All Things Considered
All Things Considered
Tuesday, July 15, 2008

Minnesota Public Radio Stories


National Public Radio Stories

  • Some Fear Woes May Spread To Other Banks
    Investors are worried about the health of the banking industry. Some experts, however, say they don't expect a massive debacle. Analysts say investors are getting too scared. They say more banks will likely fail, but most banks are on a solid footing.
  • FDIC Chief Seeks To Reassure Consumers
    Many Americans are worried their bank will be the next to fail. Sheila Bair, chairman of the Federal Deposit Insurance Corporation, says all deposits up to $100,000 are safe and individual IndyMac customers will get the bulk of their uninsured deposits.
  • Architect Of Torture Policy Testifies
    One of the architects of the Bush Administration's interrogation policies has testified before Congress. Former Pentagon official Douglas Feith said he was smeared in a recent book about the policy. The book's author defended his account.
  • National Guard Still Patrols New Orleans
    It's been nearly three years since Hurricane Katrina's floodwaters devastated parts of New Orleans. And to this day, the National Guard continues to patrol some of the hardest-hit areas. The guard's mission is to prevent looting and provide a law and order.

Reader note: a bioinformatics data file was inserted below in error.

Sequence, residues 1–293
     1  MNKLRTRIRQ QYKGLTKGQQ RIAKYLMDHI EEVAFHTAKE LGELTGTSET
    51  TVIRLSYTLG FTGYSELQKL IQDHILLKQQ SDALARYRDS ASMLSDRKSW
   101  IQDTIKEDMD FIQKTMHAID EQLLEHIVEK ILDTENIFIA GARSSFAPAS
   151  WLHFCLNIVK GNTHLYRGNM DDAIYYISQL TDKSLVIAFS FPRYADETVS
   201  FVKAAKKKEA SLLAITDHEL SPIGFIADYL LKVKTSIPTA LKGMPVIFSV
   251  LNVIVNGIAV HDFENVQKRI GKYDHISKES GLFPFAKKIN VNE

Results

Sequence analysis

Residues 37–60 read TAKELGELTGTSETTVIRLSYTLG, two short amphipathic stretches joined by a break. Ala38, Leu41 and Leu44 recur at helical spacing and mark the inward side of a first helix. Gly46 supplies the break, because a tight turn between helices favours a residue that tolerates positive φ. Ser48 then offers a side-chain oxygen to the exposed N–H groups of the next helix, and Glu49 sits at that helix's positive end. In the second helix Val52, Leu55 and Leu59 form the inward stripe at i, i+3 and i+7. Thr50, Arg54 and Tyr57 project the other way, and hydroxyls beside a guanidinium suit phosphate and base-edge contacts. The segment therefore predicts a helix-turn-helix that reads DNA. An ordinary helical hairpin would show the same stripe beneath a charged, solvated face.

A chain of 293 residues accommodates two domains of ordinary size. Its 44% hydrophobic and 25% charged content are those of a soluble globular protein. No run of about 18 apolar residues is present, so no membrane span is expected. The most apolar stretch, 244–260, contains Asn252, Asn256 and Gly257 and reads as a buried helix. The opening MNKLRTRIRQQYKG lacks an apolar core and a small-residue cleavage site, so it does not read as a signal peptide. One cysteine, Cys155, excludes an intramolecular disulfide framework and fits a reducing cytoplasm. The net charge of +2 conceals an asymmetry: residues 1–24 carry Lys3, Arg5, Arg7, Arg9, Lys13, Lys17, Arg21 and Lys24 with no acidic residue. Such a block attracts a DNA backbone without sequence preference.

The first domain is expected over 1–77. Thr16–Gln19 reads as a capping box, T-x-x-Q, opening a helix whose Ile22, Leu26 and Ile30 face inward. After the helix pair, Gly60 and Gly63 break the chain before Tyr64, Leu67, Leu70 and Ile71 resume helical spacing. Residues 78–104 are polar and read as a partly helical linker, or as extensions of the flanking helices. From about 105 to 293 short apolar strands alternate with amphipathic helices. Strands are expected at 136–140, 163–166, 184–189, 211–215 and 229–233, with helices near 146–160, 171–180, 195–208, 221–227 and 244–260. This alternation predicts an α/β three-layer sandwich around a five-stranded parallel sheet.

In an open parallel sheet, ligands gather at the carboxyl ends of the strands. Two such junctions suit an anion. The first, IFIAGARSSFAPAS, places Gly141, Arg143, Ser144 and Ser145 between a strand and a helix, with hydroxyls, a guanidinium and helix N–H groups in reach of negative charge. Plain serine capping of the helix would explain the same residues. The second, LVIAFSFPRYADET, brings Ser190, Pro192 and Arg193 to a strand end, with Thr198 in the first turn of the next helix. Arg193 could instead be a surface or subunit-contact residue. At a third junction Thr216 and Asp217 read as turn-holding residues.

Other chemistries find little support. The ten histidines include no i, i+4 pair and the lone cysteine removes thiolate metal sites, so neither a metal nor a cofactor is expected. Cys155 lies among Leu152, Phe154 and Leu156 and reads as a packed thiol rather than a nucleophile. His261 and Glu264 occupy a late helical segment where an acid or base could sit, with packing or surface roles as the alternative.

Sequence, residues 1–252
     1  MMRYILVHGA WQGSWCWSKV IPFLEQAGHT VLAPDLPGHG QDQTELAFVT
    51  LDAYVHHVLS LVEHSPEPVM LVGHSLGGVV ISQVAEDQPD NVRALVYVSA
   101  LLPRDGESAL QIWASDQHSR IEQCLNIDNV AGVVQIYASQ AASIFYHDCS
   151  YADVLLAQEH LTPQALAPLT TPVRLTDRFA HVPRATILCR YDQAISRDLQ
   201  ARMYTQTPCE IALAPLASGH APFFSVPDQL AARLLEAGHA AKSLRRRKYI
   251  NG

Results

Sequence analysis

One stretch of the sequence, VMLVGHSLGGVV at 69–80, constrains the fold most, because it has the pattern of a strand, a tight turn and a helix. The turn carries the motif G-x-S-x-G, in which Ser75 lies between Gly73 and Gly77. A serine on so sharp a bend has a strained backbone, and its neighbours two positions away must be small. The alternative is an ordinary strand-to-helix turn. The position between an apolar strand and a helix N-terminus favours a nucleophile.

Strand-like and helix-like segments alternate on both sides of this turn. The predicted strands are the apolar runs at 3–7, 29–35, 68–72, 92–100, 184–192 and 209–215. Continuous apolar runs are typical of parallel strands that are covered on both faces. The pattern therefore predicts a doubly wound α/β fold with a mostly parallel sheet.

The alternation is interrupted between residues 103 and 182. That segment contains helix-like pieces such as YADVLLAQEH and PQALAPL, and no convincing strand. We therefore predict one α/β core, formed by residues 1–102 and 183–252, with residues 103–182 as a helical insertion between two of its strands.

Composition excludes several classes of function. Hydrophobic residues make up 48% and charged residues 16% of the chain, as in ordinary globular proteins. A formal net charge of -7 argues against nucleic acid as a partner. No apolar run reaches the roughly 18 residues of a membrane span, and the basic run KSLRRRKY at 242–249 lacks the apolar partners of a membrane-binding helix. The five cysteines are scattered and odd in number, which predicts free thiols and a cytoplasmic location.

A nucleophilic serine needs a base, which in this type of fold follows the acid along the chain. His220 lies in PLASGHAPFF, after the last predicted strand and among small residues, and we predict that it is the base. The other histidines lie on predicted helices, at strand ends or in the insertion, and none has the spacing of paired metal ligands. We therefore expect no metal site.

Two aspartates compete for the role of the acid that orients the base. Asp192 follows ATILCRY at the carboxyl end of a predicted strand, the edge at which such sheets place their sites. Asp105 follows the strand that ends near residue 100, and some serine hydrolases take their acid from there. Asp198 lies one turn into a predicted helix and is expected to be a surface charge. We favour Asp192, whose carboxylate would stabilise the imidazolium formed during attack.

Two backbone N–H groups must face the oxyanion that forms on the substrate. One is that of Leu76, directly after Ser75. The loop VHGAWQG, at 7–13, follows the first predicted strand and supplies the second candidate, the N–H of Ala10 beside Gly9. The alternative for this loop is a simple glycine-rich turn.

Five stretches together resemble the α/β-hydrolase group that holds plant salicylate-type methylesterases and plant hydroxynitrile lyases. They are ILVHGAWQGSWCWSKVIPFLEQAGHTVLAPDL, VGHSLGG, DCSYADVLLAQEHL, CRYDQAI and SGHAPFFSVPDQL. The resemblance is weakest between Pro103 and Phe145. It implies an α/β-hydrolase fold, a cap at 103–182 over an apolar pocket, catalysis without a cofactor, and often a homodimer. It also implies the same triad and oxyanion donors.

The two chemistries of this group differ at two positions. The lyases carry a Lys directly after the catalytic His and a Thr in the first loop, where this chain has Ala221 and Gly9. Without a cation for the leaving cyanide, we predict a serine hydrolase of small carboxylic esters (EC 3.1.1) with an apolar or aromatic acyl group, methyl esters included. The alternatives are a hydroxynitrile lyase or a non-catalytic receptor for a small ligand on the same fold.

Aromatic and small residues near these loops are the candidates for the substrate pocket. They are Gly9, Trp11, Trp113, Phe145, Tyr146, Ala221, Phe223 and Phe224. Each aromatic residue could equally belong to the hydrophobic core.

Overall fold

• Letters: New Yorker Cover, Caring For Pets
    Listeners respond to the interview with New Yorker editor David Remnick who defended his magazine's controversial cover of Sen. Barack Obama. They also sounded off on the story about the lengths to which pet owners will go to keep their animals in good health.
  • GM Announces More Cuts
    General Motors Chairman Rick Wagoner has said thousands of white-collar staff would be laid off and the company would stop providing health benefits to retirees over age 65. The company also plans to cut truck production, borrow billions and sell some assets.
  • Volkswagen Picks Tenn. For New Plant
    Volkswagen has picked Chattanooga, Tenn., for a new assembly plant. The move is expected to create about 2,000 jobs. Europe's No. 1 carmaker has 2 percent of the U.S. market and aims to triple that by 2018. Its plans have been helped by a weak dollar.
  • High Corn Prices Cast Shadow Over Ethanol Plants
    A rush to cash in on ethanol has slowed as soaring corn prices squeeze profit margins for producers of the alternative fuel. At a recent high of $7 per bushel, the corn used to make ethanol has tripled in price since many plants were built two years ago.
  • Dollar Slides To New Low Against Euro
    The U.S. dollar has fallen to a new low against the euro. The euro is now worth about $1.60 — after hitting a new record of $1.6038 earlier in the day. The sliding dollar makes a visit to Europe much more expensive for U.S. tourists.
  • Documentary Chronicles Steroid Use
    Bigger, Stronger, Faster: The Side Effects of Being American is a new documentary about steroid use. Filmmaker Chris Bell, a former steroid user, was a bodybuilder and part of the film details what happened when he told his mother he used steroids.

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